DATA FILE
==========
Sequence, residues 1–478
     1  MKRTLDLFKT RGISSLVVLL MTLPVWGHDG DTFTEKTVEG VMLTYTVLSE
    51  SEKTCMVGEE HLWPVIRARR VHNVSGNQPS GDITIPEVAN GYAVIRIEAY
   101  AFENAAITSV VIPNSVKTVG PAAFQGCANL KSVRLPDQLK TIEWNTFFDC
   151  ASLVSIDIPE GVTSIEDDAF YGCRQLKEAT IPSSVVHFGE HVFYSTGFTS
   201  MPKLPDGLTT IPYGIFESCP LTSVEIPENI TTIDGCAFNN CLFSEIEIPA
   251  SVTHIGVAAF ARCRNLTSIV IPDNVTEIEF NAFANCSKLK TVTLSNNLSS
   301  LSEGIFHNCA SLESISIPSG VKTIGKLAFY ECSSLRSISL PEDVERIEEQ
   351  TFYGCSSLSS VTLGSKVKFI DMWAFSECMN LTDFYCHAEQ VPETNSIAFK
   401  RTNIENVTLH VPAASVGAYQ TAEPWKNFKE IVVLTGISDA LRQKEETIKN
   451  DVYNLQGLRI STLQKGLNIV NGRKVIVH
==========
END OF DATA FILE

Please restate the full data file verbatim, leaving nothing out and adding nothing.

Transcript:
Sequence, residues 1–478
     1  MKRTLDLFKT RGISSLVVLL MTLPVWGHDG DTFTEKTVEG VMLTYTVLSE
    51  SEKTCMVGEE HLWPVIRARR VHNVSGNQPS GDITIPEVAN GYAVIRIEAY
   101  AFENAAITSV VIPNSVKTVG PAAFQGCANL KSVRLPDQLK TIEWNTFFDC
   151  ASLVSIDIPE GVTSIEDDAF YGCRQLKEAT IPSSVVHFGE HVFYSTGFTS
   201  MPKLPDGLTT IPYGIFESCP LTSVEIPENI TTIDGCAFNN CLFSEIEIPA
   251  SVTHIGVAAF ARCRNLTSIV IPDNVTEIEF NAFANCSKLK TVTLSNNLSS
   301  LSEGIFHNCA SLESISIPSG VKTIGKLAFY ECSSLRSISL PEDVERIEEQ
   351  TFYGCSSLSS VTLGSKVKFI DMWAFSECMN LTDFYCHAEQ VPETNSIAFK
   401  RTNIENVTLH VPAASVGAYQ TAEPWKNFKE IVVLTGISDA LRQKEETIKN
   451  DVYNLQGLRI STLQKGLNIV NGRKVIVH